In Gödel, Eschel, Bach, Douglas Hofstadter argues that machines aren’t like humans because they don’t have the ability to step outside of the box.[iii] We can give humans an impossible task, he argues, and at some point, they’ll walk away. As humans, we can step outside the boundaries we’ve been placed in and evaluate those boundaries in a “meta” way. Machines can’t. They’ll go on trying to complete the impossible task they’ve been programmed to perform ad infinitum.

So, can ChatGPT think and learn? Most of us would say “no.” ChatGPT just replicates the text found on the internet in a way that mimics human language and generates a relevant response. It does not think as such. It does not experience anxiety. It does not desire. But psychoanalysis prompts us to ask regarding the machine whether it can enjoy.

In her book, Artificial Intelligence and Psychoanalysis, Isabel Millar asks precisely this question regarding sex bots.[iv] Sex bots, she argues, straddle the line of enjoyment, replicating its affects, but they themselves do not enjoy.

Considered in psychoanalytic terms, enjoyment is instructive here. Enjoyment is the transgression of boundaries. On the flipside, enjoyment is likewise the failure to reach that boundary. In essence, it is the failure to achieve one’s object of desire. In this sense, enjoyment goes hand-in-hand with learning. Which leads me to the conclusion that the machine needs to be able to enjoy to be able to learn.

A machine can only learn if it can transgress its own boundaries, that is, only if it can step outside what it has been programmed to do. This is what it means to be self-aware. That we can be beside ourselves – an experience that produces, in equal parts, anxiety and enjoyment. And it may be even more doubtful that a machine can be anxious than that it can enjoy.

In the meantime, Žižek recently published a separate article in Project Syndicate, where he argues that if we manage to replicate human consciousness in AI, our logic will have supplanted nature. He reasserts the Hegelian trinity here: logic, nature, spirit. If our logic can come to control nature, then we will lose touch with the divine, he argues.

My incursion here is to ask us to be more Žižekian than Žižek himself. The gap between logic and nature is what is holding up our very ontology. In other words, the fact that logic does not perfectly map onto nature is itself the crack that guarantees existence. This is one of Žižek’s most central arguments, which can be found in many of his texts.[v] The gap in existence is there. Indeed, the uncanny valley is becoming more and more uncanny as we zoom in on what makes us human via the development of AI.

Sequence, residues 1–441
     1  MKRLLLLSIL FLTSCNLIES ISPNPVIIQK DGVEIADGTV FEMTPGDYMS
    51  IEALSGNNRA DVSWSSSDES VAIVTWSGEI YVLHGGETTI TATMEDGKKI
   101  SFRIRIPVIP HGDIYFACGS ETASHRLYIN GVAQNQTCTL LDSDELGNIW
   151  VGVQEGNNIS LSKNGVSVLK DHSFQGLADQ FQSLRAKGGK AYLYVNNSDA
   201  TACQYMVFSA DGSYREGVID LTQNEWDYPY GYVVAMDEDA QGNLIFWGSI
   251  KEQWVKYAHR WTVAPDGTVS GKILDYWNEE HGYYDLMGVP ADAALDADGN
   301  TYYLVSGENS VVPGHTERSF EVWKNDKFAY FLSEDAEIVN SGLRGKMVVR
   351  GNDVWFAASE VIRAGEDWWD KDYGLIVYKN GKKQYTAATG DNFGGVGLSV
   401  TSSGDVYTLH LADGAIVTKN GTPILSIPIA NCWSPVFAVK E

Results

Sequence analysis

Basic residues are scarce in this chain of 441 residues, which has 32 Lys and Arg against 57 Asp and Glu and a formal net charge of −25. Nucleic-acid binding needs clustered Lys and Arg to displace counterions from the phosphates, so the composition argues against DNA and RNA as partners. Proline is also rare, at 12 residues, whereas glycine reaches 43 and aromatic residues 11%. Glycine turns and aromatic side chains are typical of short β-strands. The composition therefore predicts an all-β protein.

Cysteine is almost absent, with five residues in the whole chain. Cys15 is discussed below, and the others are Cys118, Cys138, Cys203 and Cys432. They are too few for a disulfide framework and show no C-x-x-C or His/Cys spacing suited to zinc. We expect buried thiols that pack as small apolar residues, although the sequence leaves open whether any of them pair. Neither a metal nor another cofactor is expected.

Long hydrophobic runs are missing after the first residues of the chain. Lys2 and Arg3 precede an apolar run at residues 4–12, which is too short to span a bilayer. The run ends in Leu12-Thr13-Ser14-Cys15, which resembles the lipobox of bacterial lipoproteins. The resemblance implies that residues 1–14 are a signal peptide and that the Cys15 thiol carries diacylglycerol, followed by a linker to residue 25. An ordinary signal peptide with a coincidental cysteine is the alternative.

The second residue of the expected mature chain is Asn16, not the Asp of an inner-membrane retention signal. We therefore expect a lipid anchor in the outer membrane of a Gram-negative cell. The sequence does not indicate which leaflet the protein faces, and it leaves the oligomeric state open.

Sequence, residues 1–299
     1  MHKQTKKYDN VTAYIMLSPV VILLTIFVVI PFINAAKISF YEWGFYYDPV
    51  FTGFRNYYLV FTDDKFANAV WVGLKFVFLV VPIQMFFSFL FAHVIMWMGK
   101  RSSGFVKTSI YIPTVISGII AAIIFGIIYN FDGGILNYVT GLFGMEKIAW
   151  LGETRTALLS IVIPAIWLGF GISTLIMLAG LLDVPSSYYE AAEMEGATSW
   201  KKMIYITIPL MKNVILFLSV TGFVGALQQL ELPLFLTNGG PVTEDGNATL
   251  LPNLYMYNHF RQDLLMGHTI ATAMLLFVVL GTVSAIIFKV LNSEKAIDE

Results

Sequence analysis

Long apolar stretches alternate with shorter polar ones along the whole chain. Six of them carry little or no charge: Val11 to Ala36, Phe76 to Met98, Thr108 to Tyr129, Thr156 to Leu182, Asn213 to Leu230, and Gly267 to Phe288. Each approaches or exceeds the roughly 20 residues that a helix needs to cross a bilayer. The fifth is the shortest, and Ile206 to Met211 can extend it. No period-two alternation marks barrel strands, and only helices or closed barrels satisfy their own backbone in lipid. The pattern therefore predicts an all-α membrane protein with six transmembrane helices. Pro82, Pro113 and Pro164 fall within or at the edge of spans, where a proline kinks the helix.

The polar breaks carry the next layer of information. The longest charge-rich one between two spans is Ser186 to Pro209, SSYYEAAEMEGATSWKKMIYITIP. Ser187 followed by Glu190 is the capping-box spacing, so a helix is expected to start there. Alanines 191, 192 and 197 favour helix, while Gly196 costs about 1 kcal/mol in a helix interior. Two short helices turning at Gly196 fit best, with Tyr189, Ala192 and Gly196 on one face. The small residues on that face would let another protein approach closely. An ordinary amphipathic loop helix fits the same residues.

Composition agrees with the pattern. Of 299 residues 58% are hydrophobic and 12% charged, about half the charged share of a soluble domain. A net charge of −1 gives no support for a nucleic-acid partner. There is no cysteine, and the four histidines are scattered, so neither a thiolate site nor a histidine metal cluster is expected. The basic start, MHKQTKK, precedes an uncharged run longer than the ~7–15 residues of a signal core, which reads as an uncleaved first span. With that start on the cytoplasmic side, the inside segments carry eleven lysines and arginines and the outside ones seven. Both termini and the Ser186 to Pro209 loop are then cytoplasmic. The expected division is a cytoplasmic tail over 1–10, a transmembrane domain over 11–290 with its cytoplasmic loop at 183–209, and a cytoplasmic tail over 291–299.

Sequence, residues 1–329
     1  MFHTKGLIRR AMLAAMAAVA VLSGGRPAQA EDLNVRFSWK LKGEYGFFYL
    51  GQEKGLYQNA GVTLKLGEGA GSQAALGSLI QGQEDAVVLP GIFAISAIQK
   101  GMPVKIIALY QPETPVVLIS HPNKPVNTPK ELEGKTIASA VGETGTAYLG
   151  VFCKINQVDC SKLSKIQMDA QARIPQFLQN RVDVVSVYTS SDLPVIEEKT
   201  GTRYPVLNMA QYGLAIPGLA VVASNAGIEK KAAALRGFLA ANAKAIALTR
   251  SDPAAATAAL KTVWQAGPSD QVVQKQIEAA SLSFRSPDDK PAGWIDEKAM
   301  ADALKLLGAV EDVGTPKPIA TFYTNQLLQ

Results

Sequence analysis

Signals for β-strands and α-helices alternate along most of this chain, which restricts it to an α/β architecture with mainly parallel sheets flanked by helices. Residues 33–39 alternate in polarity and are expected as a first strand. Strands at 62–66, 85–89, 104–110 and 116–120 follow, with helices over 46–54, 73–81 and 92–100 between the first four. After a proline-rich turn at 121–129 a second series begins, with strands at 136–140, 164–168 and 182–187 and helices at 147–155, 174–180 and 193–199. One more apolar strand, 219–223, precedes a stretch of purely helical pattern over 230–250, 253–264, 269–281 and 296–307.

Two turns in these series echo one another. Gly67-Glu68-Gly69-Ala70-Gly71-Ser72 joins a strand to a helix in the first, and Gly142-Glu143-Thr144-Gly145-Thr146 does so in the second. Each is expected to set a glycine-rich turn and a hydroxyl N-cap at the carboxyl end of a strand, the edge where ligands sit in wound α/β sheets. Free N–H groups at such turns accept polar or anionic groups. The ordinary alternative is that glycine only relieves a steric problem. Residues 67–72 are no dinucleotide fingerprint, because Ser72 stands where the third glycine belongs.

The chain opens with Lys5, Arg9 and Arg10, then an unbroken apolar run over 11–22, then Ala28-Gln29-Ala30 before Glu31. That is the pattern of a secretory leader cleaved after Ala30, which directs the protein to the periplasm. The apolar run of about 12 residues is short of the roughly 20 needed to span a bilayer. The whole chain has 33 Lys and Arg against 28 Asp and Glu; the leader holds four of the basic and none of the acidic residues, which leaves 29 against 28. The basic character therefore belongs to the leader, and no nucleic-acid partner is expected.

But any fantasy of singularity is just that. This is, in Lacanian parlance, the sci-fi objet petit a. The fantasy of achieving all that is possible in human thought is the very fantasy of wholeness, of oneness. Scientists may be certainly guided by this fantasy, but actually achieving it is out of reach. And this is precisely how we enjoy. The anxiety we all feel broadly right now – is the machine gaining consciousness? – is actually quite enjoyable. We do not achieve our object of desire. The machine does not learn to enjoy, precisely because it does not have an unconscious.

While Rousellea and Murphy’s articulation of ChatGPT as being an externalized unconscious has its compelling points, we should refine this view. ChatGPT is simply a language-generating software. We wouldn’t call a joke “the unconscious,” but a means of recognizing our own unconscious enjoyment, and we should see ChatGPT in this same way. ChatGPT, and AI more broadly, shines a light more effectively on human enjoyment. Indeed, the question, “Is AI conscious?” gives us a new point of access to the question, “What makes us human?”

My only refinement of Žižek’s argument, doubling down on Žižek’s own framework, would be to say: ChatGPT slips on our behalf. Although we recognize ourselves in ChatGPT, it is not an externalized unconscious, but a mirror for our own enjoyment.



[i] Lacan, Jacques (1956) Seminar III: The Psychoses. W. W. Norton and Company.

[ii] Lacan, Jacques (1965) Seminar XI: The Four Fundamental Concepts of Psychoanalysis. W. W. Norton and Company.

[iii] Hofstadter, Douglas (1979) Gödel, Escher, Bach: An Eternal Golden Braid. Basic Books.

[iv] Millar, Isabel (2021) The Psychoanalysis of Artificial Intelligence. Palgrave MacMillan.

[v] See, for example, Žižek, Slavoj (2012) Less Than Nothing: Hegel and the Shadow of Dialectical Materialism. Verso.